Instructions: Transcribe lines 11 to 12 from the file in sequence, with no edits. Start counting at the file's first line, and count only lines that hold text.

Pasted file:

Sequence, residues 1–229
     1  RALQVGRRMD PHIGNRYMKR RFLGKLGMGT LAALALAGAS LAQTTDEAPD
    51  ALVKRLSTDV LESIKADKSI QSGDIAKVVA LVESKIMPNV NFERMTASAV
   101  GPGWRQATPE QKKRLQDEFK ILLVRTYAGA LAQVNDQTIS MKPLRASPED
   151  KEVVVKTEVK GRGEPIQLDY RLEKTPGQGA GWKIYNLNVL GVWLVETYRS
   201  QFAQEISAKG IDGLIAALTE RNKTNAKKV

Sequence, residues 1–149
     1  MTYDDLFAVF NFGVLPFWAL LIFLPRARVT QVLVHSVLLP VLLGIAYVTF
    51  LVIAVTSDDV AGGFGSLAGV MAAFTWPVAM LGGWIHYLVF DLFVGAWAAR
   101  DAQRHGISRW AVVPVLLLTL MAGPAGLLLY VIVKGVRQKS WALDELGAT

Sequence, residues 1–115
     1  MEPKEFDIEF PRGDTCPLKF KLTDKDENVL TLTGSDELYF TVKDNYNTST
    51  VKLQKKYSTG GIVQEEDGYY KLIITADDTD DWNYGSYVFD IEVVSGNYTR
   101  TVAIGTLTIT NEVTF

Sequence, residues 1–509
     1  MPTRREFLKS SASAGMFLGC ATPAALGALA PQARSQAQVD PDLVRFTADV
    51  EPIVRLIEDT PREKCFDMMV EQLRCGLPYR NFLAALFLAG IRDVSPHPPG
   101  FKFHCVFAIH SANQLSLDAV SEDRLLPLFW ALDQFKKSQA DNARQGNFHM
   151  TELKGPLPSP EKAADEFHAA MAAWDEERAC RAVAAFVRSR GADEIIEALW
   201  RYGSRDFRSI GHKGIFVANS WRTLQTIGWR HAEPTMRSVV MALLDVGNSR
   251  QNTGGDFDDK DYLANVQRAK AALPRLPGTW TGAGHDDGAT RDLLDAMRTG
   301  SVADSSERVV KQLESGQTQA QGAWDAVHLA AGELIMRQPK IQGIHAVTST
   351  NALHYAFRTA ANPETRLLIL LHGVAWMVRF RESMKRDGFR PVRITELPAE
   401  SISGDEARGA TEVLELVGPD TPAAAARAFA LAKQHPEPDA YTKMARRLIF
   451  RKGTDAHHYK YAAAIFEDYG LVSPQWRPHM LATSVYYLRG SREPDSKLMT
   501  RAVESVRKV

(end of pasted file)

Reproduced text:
Sequence, residues 1–115
     1  MEPKEFDIEF PRGDTCPLKF KLTDKDENVL TLTGSDELYF TVKDNYNTST